China’s stocks fell, driving down the benchmark index by the most in a week, on concern higher material prices will fuel inflation and the nation’s tightening policies are slowing the world’s second-biggest economy.
Air China Ltd. and China Southern Airlines Co. led losses for airlines after an industry group cut its forecast for carriers’ profit because of oil prices. China CNR Corp., the nation’s second-biggest trainmaker, slid to the lowest this year on investors’ speculation spending in railways will slow. China Merchants Bank Co. rose 4.2 percent, leading gains for financial companies, as Sanford C. Bernstein became the latest brokerage to predict lenders’ earnings may exceed estimates.
“The inflationary pressure is still there and controlling inflation will be the government’s priority throughout the year,” said Wu Kan, a Shanghai-based fund manager at Dazhong Insurance Co., which oversees $285 million. “It’s difficult for stocks to perform well in an inflationary environment.”
The Shanghai Composite Index, which tracks the bigger of China’s stock exchanges, slid 10.8 points, or 0.4 percent, to 2,902.98 at the 3 p.m. close, as three stocks fell for every one that advanced. The CSI 300 Index slipped 0.7 percent to 3,221.72. The CSI Smallcap 500 Index slumped 2 percent.
China’s stocks rose earlier today on the prospect the government’s plan to reduce the tax burden for individuals will boost consumer spending. The legislature is holding annual meetings in Beijing and investors speculate it will introduce policies to increase domestic consumption and spur investment in new areas such as technology and alternative energy.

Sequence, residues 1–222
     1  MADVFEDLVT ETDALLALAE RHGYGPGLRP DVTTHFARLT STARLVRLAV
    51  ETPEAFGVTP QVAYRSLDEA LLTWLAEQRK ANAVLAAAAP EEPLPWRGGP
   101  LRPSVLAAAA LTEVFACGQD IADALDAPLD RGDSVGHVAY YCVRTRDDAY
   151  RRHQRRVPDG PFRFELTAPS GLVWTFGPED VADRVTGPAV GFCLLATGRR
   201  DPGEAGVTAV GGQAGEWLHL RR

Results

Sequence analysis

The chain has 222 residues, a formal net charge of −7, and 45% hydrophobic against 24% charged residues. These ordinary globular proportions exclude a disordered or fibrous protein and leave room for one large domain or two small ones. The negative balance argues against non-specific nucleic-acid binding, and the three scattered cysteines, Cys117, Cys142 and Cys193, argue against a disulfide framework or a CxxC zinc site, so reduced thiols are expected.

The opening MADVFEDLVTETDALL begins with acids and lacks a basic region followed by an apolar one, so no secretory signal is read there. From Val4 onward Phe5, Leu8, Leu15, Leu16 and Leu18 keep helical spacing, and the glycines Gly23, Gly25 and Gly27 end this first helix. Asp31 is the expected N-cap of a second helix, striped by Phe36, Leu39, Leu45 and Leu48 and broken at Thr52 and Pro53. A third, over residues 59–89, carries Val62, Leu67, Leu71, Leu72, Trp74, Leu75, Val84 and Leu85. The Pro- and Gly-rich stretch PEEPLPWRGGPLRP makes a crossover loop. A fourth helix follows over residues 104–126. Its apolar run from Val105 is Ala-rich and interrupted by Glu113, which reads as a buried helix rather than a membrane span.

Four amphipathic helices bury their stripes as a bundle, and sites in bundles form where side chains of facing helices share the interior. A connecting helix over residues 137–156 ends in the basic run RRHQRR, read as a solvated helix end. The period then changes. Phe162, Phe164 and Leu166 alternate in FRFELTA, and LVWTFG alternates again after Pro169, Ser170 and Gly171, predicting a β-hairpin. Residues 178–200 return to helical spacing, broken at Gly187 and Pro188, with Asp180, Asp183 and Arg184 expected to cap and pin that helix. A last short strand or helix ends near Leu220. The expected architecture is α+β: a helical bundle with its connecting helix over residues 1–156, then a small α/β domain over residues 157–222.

The Shanghai gauge has advanced 3.4 percent this year, after plunging 14 percent in 2010, on signs the world’s second- biggest economy is withstanding tightening measures. The central bank has boosted banks’ reserve requirement ratio eight times since the start of 2010, while raising interest rates three times to rein in inflation that reached 4.9 percent in January, near the 28-month high of 5.1 percent in November.
The central bank will raise the reserve requirement ratio “shortly” to ease liquidity pressure, the China Securities Journal reported on its front page today, citing analysts. Yuan positions at Chinese banks accumulated from sales of foreign exchange to the central bank will remain high in short term, the report said, citing analysts.
The non-manufacturing purchasing managers’ index fell to 44.1 in February from the previously reported 56.4 in January, according to a statement released today by the Beijing-based National Bureau of Statistics and the Federation of Logistics and Purchasing. A reading above 50 indicates an expansion.
Air China, the nation’s biggest international carrier, dropped 1.8 percent to 11.47 yuan. China Southern Airlines, the largest domestic carrier, slid 2.1 percent to 8.51 yuan.
The International Air Transport Association yesterday cut its forecast for this year’s profit in the airline industry to $8.6 billion from the $9.1 billion projected three months ago, as rising oil prices limit the benefits of a rebounding economy.